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‘Magpapahinga pero huwag susuko’: How 2 new CPA exam passers turned failures into success

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‘Magpapahinga pero huwag susuko’: How 2 new CPA exam passers turned failures into success
Joyce Callo and Duane Cabasal credit their persistence to the support of their loved ones during the preparation for the Certified Public Accountant Licensure Examination

MANILA, Philippines – Becoming a certified public accountant (CPA) is tough. During the pair of pandemic-era CPA licensure examinations, only about one out of five takers made it – these are passing rates of 21.87% in December 2021 and 22.29% in May 2022

So one can only imagine the happiness of Joyce Callo and Duane Cabasal when, after numerous attempts, they finally got their licenses when they passed the May 2023 CPA Licensure Examination

Callo took seven tries, while Cabasal had five attempts.

Seventh’s the charm

Just moments before the release of the results, Callo could feel her heart pounding as she tightly held a rosary in her hands. 

Having gone through this experience on six previous occasions, she was no stranger to the pressure that accompanied it. Throughout her journey in taking the exam, there was this one monologue that kept echoing in her mind: “What if it’s my time now?”

Callo obtained her degree in accountancy from Divine Word College of Laoag in Ilocos Norte, in 2018. She was also a full-time reviewee until her third take. 

GRADUATION. Joyce Callo’s graduated with a degree in accountancy from Divine Word College of Laoag, Ilocos Norte, in 2018. Photo courtesy of Joyce Callo

“Yung parents ko po, kuya, titas and titos, [financially supported me] during my fulltime review. Hindi po biro yung pang-review during those times kasi face-to-face pa ‘yung review pre-pandemic. Tuition fee, boarding house, food and other expenses [sila po sa lahat ‘yun],” Callo shared in an interview with Rappler. 

(My parents, brother, aunts and uncles, financially supported me during my fulltime review. Reviewing during those times was no joke, as it was done face-to-face before the pandemic. They shouldered my tuition fee, boarding house, food, and other expenses.)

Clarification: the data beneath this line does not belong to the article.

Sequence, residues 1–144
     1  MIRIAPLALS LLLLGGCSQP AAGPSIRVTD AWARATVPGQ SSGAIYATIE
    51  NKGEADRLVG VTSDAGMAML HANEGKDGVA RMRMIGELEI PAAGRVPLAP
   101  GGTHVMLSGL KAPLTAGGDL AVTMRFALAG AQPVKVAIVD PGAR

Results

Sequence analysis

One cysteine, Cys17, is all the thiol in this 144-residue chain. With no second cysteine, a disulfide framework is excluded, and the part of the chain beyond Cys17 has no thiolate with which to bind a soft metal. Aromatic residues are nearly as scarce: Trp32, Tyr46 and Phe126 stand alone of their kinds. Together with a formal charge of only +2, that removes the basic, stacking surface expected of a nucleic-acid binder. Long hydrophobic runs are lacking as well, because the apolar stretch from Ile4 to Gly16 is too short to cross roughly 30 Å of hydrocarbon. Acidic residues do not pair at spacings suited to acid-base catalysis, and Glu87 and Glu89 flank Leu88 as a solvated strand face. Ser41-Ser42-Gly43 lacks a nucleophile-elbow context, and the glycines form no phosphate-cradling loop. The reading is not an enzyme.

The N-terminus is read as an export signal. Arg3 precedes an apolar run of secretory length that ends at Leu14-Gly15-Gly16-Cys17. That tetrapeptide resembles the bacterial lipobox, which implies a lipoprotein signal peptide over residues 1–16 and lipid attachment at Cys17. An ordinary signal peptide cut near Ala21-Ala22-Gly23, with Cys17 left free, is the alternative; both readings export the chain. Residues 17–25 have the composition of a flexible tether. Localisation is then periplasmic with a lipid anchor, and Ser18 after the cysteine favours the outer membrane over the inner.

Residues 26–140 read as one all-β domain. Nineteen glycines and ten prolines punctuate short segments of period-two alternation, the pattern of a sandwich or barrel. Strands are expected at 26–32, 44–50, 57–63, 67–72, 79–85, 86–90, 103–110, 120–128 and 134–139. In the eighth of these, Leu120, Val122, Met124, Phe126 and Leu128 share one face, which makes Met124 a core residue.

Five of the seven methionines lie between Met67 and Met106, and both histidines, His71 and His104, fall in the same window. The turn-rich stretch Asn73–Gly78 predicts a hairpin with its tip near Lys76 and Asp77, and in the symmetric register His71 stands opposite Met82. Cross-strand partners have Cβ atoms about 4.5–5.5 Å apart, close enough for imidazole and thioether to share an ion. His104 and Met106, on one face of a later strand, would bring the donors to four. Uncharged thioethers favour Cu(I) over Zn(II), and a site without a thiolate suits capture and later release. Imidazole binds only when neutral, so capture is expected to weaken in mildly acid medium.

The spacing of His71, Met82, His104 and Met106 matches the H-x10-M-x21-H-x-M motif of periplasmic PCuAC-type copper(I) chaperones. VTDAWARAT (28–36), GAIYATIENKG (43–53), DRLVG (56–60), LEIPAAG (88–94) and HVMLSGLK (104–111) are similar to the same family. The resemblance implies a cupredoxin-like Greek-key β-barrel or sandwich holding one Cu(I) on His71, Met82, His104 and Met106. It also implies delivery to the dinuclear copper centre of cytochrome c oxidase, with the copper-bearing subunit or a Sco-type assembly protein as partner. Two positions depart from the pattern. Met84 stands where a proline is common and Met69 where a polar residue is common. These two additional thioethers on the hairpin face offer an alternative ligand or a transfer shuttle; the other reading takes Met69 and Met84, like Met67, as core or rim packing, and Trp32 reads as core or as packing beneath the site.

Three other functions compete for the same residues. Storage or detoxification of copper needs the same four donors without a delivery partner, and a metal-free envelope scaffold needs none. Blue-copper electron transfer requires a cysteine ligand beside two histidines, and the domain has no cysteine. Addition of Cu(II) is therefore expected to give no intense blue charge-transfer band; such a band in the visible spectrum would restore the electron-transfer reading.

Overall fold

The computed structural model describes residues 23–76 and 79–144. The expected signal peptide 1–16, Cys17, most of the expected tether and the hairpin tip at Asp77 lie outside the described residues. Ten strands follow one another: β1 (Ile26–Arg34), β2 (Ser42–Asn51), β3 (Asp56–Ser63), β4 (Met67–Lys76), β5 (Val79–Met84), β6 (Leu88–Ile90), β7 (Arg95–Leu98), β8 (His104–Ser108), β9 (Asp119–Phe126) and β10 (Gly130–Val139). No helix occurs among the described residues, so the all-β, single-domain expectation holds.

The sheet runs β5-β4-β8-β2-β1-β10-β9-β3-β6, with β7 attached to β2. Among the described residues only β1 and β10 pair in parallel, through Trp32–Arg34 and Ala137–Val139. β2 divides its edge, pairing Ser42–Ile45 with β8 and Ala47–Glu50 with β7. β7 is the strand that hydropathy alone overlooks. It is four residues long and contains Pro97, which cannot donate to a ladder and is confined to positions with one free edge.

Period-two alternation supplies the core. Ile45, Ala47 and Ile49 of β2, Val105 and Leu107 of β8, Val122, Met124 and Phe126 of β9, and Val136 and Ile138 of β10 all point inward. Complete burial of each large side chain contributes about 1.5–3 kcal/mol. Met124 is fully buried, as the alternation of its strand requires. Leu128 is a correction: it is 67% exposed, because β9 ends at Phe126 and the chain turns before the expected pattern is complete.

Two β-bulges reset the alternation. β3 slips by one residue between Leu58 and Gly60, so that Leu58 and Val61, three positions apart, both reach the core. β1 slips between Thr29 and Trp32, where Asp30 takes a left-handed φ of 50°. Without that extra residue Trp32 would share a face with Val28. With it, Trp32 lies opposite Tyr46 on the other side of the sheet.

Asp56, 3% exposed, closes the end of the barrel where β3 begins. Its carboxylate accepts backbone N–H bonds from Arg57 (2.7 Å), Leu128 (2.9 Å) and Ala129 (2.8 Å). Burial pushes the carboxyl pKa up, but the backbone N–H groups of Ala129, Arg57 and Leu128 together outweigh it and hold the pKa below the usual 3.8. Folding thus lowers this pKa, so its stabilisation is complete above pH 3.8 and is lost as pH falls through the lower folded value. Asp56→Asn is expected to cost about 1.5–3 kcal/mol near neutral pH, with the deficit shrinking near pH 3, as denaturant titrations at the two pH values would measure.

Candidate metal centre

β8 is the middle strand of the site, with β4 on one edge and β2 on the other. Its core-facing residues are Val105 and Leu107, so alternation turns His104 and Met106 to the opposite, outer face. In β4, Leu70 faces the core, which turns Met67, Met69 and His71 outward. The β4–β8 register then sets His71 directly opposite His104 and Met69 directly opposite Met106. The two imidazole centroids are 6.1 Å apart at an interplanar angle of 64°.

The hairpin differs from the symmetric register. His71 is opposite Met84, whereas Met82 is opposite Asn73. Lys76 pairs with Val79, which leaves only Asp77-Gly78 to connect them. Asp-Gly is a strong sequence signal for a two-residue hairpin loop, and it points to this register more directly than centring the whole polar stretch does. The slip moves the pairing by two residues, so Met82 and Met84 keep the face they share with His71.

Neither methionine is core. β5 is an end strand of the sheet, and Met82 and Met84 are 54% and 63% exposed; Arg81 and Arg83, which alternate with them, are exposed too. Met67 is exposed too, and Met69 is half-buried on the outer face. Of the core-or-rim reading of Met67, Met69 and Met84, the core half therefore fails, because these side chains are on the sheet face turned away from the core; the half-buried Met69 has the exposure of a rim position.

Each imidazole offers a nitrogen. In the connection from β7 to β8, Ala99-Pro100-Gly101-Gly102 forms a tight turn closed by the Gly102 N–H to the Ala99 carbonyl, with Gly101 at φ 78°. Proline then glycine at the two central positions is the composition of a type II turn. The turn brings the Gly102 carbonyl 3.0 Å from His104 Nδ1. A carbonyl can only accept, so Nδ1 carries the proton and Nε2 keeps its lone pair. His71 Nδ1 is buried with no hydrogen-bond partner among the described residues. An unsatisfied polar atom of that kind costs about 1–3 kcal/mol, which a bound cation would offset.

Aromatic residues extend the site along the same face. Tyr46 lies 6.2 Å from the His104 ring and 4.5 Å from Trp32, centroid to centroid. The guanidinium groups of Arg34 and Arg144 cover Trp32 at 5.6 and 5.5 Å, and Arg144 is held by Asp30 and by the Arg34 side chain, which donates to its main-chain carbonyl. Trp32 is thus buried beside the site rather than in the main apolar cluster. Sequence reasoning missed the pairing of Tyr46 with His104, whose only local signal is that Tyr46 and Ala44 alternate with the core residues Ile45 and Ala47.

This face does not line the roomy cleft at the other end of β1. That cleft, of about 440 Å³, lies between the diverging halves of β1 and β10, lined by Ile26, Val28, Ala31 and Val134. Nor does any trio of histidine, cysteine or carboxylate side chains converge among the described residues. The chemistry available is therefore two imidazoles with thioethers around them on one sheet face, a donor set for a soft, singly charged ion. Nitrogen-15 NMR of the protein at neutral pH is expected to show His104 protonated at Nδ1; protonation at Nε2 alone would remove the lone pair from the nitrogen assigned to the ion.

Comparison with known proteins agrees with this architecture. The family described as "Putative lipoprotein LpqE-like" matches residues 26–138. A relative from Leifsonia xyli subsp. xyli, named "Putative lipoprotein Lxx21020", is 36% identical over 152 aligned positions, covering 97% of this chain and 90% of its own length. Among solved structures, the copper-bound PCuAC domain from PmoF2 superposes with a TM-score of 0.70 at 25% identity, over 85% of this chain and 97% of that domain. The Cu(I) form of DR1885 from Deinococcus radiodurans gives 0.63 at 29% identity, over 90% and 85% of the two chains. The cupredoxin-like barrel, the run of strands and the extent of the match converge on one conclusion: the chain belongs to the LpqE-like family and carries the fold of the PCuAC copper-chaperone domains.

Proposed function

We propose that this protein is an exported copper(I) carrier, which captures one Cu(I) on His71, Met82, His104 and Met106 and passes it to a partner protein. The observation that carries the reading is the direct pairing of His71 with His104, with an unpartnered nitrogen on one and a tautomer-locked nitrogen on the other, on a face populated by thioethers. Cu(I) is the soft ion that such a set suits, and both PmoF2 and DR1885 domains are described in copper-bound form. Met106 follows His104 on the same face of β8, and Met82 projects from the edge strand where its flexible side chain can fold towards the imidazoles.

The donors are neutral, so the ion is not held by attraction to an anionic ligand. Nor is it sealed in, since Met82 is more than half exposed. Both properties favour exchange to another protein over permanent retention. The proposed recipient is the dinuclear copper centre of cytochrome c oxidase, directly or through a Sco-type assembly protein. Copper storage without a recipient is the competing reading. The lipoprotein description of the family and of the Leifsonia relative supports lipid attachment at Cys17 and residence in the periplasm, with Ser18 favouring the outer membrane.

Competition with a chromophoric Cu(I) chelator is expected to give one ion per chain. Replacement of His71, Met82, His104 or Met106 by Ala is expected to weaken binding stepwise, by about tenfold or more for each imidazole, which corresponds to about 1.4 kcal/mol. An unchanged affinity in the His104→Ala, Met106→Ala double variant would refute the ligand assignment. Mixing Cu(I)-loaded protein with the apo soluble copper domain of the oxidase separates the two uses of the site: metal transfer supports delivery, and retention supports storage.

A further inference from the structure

After flunking her third attempt, Callo admitted that she felt embarrassed in front of her family because they have already spent a lot of money for her. She decided to become a financial analyst while reviewing for the CPA exams, as well as pursue a master’s degree in business administration (MBA). These allowed her to not only gain practical experience, but also maintain the financial stability to continue her pursuing her ultimate dream of passing the CPA exam.

Five times strong
SUCCESS AFTER STRUGGLE. Duane Cabasal’s graduation picture from Saint Ferdinand College in 2018. Photo courtesy of Duane Cabasal.

Meanwhile, right after last month’s board exam, 25-year-old Cabasal visited by different churches on the way to a family reunion. Lighting a candle at each stop, he asked God to help him and his friends pass the board exam in a petition letter — with “CPA” penned as extensions to their names — something he recalled as an act of manifesting their dreams to reality.  

Faith is important in Cabasal’s life, especially in his CPA journey that is fraught with challenges. 

During college, he remembers having self-doubts as he struggled academically. “Feeling ko parang napag-iiwanan ako…. End na ba ito para sa course ko? (I felt like I was falling behind. Is this the end for my course?) Cabasal told Rappler. 

He spent his first year studying accountancy at the University of Saint Louis – Tuguegarao, and subsequently transferred to Saint Ferdinand College in Ilagan, Isabela province after he didn’t make the grade cut-off. 

The journey of trying

Both Callo and Cabasal invested significant time and effort to claim their CPA titles.

For Callo, there were a lot of things that became part of her daily routine while preparing for the exam.

She would wake up early in the morning to review before heading to work, as well as devote time after work to do the same. During weekends, she managed to balance her MBA classes and her online review courses.

Essentially, reviewing became a focal point of her life.

SUPPORT. Duane Cabasal (leftmost) and his friends in 2019 studying for the certified public accountant board exam. Photo courtesy of Nikko Sytian.

Cabasal reviewed with friends frequently and developed a disciplined schedule for studying. When he first flunked the board exam, his friends were there to share the experience with him. Eventually, they traveled from Ilagan to Manila to enroll at a review center. 

But in 2019 and 2021, he again failed his second and third attempts.